First things first: The question is about how many Eritrean citizens will apply for asylum, not how many will be granted asylum. Obviously the latter will depend heavily on the former. According to the Council on Foreign Relations, “EU countries grant asylum to about 90 percent of Eritrean asylum seekers,” which was higher than I expected. Switzerland (7,475), Germany (5,500), and Sweden (4,645) took the lion’s share in 2015.
Now, a little recent history: The number of Eritrean asylum applicants went up significantly in 2014, from 14,485 to 36,925. That’s an increase of 154.9%. Why? Violence in South Sudan increased the total number of asylum seekers in east Africa, but Eritrea doesn’t share a border with South Sudan. No, the main problem seems to be internal to Eritrea – in particular, the massive and ongoing violation of human rights within the country, according to the United Nations Committee on Human Rights. Here’s the Council of Foreign Relations’ take on it:
The UN commission of inquiry found that national service often entails “arbitrary detention, torture, sexual torture, forced labor, absence of leave, and the [sic] ludicrous pay,” calling it “an institution where slavery-like practices are routine.” For many, leaving national service is only possible by deserting the military and fleeing the country, the commission found.
At any rate, the number of applicants leveled off in 2015, though it remained much higher than in 2013. I’ve seen this number estimated as 37,000.
So how many asylum seekers should we expect in the first quarter of 2016? Nothing much has changed in Eritrea, so we might expect 2016 to be a lot like 2015. One could just divide this number by 4 in order to get a (very rough!) estimate for Q1 of 2016: 9,250. However, it’s worth noting that there seems to be a seasonal component to the number of asylum seekers from Eritrea. The number of applicants during Q1 of 2015 was much lower than you’d expect if you simply divided the total number of asylum seekers for the year by the number of quarters. In fact, asylum seekers in the first quarter of 2015 numbered a mere 3,155. In contrast, the number of asylum seekers skyrocketed around Q3 in both 2014 and 2015. I suspect that’s because the weather during this time of year makes it easier to travel to Europe. That’s just speculation on my part, but I note that a very large number of asylum seekers land in Sicily, and a sea crossing during the summer months is probably a better bet. Indeed, the number of asylum seekers – regardless of nation of origin – in Europe is lowest during Q1.
Anyway, here’s a thought: It might be better to average these two data points in order to get an expected number of asylum seekers for Q1 of 2016:
- ((37,000)/4) + (3,155))/2 = 6203 (rounding up to the nearest whole number)
Given the paucity of data, that’s not crazy. And not crazy might be good enough. The standard deviation for this (tiny!) data set is 4,310 (rounding up to the nearest whole number). That means that there’s about a 74% chance that the number of asylum seekers will be between 0 and 9,999, and a 17% chance that the number will be between 10,000 and 15,000. That gives us a picture of Q1 that looks roughly like this:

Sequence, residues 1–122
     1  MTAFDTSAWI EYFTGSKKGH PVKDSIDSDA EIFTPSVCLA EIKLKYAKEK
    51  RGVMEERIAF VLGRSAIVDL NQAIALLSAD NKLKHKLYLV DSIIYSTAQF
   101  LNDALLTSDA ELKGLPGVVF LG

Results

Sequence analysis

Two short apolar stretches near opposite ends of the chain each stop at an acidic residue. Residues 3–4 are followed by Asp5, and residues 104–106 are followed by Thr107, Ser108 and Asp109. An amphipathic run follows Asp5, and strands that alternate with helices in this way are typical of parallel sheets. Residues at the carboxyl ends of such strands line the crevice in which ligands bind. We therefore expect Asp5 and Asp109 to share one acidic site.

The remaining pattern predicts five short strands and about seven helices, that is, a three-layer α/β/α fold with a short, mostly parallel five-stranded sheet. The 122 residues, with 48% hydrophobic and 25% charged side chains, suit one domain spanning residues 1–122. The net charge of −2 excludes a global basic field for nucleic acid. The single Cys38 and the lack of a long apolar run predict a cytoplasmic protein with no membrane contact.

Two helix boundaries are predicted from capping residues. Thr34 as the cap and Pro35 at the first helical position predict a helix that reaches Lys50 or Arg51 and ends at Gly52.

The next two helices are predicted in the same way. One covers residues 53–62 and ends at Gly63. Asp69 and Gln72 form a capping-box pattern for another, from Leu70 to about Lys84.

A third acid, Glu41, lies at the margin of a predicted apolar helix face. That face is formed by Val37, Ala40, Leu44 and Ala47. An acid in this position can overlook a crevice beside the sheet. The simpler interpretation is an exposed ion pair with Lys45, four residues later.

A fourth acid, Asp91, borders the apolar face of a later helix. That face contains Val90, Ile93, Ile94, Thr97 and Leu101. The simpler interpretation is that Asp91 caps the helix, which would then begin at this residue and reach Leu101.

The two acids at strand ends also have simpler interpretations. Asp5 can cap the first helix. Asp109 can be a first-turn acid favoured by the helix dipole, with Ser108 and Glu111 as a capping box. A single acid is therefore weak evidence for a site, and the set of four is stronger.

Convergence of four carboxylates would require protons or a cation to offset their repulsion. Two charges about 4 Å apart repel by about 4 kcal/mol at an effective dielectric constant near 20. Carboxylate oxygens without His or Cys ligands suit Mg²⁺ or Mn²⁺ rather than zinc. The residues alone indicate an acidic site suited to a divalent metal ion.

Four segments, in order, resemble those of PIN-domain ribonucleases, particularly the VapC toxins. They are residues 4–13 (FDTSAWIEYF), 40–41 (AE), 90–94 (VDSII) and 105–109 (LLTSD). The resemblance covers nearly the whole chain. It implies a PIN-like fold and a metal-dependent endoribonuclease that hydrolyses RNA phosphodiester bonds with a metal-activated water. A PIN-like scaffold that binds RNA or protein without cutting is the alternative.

- 74% Less than 10,000
- 17% Between 10,000 and 15,000, inclusive
- 4% More than 15,000
However, there is a little more data available. As of January 31, Europe had received 6,029 refugees by sea. Recently, 25% of refugees of this sort have been Eritrean[ibid.]. Assuming that all of them are asylum seekers, that would mean that one third of the way through Q1 there have been about 1,500 Eritrean asylum seekers. That’s very close to the number for January 2015: 1,295. So I’ll use a weighted average, instead of an unweighted average, giving more weight to Q1 of 2015 and less to the average of the quarters of 2015:
- .33x(37,000)/4) + .67x(3,155) = 5167 (rounding up to the nearest whole number)
The standard deviation for this data set is 3,519 (rounding up to the nearest whole number). That means that there’s about a 84% chance that the number of asylum seekers will be between 0 and 9,999, and a 8% chance that the number will be between 10,000 and 15,000. Hence,
- 88% Less than 10,000
- 9% Between 10,000 and 15,000, inclusive
- 3% More than 15,000
If the numbers continue to trend this way over the next few weeks, then I’ll modify my forecast, but that’s all I have for now.
Finally, let me just say that a lot of other very smart people did much of the leg work gathering the data I’m talking about here. If I get close to the truth, it’s mostly because of there hard work, not mine.
[Post updated for typos and a earlier failure to take into consideration the impossibility that the number of asylum seekers will be less than zero!]
 http://ec.europa.eu/eurostat/statistics-explained/images/d/d5/Countries_of_origin_of_%28non-EU%29_asylum_seekers_in_the_EU-28_Member_States%2C_2013_and_2014_YB15_III.png. (See also http://www.unhcr.org/546606286.html)